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Indigo Girls’ Amy Ray on Living in the South under Trump—and Her New Albums

She visits House of Blues Houston on October 3.


Years in the making, Indigo Girls Live with the University of Colorado Symphony Orchestra (Rounder) is a breathtaking experience. Even if you don’t like live albums (you weren’t there, were you?), this should be an exception. Made up of 22 songs, the compilation draws from 9 of the 13 Indigo Girls studio albums. 

The iconic lesbian duo of Amy Ray and Emily Saliers included the expected hits (“Power of Two,” “Galileo,” “Kid Fears,” “Go”) and popular deep cuts, as well as a generous supply of more recent numbers (“Sugar Tongue,” “Able to Sing,” “War Rugs,” “Happy in the Sorrow Key”). Not surprisingly, the stunning symphonic set closes with a rousing rendition of “Closer to Fine,” complete with an audience sing-along. As familiar as your oldest friends, you’ll never hear these songs the same way again.

Never one to sit idle, Ray is also releasing a new solo record this month, her sixth. Holler (Compass/Daemon) is in a countrified vein similar to  2014’s Goodnight Tender. Featuring guest musicians including Brandi Carlile, Vince Gill, Lucy Wainwright Roche, Justin Vernon (aka Bon Iver), and Rutha Mae Harris (of The Freedom Singers), Holler is another powerful musical statement from Ray. I had the pleasure of speaking to Amy in advance of Indigo Girls’ October 3 show at House of Blues Houston. 

Gregg Shapiro: Indigo Girls are no strangers to live albums, with at least two such previous releases —1995’s 1200 Curfews and 2010’s Staring Down the Brilliant Dream. Why was now the right time for a new live album such as Live with the University of Colorado Symphony Orchestra?
Amy Ray: Mostly because we’ve been touring with symphonies for about four or five years now. We felt like we’d gotten to a place where we knew the material well enough and wanted to document it. Then we came upon a symphony that fit all the parameters that we needed to make a live record with a symphony—the University of Colorado Symphony. So, it worked out. It was kind of a long process. We had been hoping to get it done for a couple of years.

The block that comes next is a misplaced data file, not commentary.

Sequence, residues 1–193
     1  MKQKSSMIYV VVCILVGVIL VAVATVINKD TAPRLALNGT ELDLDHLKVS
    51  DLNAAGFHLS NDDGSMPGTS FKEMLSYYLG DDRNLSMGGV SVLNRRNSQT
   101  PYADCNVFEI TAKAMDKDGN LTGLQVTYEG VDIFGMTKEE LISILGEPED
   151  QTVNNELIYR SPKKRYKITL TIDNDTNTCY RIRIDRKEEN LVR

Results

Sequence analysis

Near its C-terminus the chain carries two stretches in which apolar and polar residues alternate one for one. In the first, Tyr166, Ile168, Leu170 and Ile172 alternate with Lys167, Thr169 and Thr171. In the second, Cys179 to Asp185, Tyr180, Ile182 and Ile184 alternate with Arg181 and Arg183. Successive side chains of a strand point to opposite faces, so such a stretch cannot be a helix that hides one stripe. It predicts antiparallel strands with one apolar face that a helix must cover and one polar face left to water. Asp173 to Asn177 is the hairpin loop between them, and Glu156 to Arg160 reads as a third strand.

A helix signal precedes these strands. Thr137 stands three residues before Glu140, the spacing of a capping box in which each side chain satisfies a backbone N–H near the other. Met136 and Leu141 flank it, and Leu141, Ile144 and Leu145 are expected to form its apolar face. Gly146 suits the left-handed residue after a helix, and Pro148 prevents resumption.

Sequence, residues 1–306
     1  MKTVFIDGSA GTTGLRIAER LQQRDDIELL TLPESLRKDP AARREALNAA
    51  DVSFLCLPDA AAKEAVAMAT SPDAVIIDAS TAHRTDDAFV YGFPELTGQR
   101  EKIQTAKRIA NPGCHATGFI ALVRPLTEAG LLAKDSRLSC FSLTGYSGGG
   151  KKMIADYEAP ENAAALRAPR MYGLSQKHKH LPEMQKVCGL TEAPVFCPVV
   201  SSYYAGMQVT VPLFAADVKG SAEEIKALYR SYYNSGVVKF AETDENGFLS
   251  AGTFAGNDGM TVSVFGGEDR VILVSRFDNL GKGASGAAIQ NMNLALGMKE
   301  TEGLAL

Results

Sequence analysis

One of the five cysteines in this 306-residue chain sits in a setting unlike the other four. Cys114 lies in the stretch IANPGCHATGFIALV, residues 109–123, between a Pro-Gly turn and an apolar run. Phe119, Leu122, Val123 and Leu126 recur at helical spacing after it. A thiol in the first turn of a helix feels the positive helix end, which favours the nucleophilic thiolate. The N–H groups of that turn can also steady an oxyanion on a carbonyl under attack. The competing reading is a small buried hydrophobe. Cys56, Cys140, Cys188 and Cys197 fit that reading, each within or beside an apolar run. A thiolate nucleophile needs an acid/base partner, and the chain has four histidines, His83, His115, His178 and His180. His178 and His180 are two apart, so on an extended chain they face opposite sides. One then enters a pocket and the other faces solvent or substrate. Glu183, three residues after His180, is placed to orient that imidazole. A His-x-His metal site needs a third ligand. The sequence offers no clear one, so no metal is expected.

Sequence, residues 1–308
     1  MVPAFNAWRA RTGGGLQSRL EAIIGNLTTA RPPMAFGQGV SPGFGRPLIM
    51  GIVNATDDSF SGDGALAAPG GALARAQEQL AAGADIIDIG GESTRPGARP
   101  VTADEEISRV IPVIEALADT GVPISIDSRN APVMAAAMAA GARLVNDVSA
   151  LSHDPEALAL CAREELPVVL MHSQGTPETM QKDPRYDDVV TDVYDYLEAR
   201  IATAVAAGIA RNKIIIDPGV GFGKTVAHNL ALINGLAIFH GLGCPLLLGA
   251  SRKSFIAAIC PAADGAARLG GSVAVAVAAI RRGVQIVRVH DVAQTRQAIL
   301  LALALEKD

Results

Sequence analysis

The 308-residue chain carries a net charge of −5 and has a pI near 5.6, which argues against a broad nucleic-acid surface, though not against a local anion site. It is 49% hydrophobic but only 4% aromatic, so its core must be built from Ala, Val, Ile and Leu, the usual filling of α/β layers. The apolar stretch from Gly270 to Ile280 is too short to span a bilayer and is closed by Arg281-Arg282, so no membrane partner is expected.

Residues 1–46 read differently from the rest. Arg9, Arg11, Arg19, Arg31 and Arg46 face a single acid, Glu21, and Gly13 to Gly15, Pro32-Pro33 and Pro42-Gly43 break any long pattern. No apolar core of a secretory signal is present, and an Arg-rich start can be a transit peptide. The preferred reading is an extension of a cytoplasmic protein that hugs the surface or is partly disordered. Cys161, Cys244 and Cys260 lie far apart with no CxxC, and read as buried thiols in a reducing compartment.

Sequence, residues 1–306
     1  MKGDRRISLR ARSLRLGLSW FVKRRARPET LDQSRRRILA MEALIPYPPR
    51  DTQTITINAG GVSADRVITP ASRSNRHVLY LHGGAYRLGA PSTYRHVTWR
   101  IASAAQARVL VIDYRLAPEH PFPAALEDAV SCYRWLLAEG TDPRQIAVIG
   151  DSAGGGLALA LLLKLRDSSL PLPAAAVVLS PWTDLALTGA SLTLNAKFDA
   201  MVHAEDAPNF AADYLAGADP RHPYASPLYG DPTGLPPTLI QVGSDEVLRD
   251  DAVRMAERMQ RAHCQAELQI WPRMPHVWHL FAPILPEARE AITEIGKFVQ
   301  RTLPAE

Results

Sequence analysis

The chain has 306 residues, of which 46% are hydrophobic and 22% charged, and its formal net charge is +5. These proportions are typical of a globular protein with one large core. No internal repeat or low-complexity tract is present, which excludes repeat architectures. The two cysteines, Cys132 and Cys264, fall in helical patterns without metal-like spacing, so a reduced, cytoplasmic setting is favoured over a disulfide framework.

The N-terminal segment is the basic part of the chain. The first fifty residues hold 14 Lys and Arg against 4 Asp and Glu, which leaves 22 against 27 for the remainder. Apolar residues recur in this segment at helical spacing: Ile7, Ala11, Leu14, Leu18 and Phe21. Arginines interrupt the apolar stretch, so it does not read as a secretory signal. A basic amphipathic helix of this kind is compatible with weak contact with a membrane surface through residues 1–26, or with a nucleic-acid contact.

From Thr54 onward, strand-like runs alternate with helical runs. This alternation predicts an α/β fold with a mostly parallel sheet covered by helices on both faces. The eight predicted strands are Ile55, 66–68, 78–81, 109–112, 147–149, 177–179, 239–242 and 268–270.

“Racism is the hardest thing to change in the South, but I’ve found that there are still people who do change.”

Amy Ray
Your new solo album Holler continues the country-oriented style of your 2014 solo album, Goodnight Tender. Is this a direction you see yourself going in for the near future?
I don’t know. This was just what I was writing. I have a band that I’ve been touring with for four or five years. This is really a strong suit for them, and for us together. As we tour and get more and more in the groove with them, we’ve been working on old songs from the rock and punkier stuff. It’s adaptable to that. When I was writing Stag and Prom, I was playing a lot with The Butchies and I was writing to their style. My collaborators typically have a lot of influence over what I’m writing. They’re who I’m creating with, touring with, playing with from day to day. I like a lot of different kinds of music. I don’t prefer this to that; it’s where I’m at. This record has a little more of the earlier punky, eclectic style mixed in with traditional country. I think I was crossing over that line in my writing a little bit.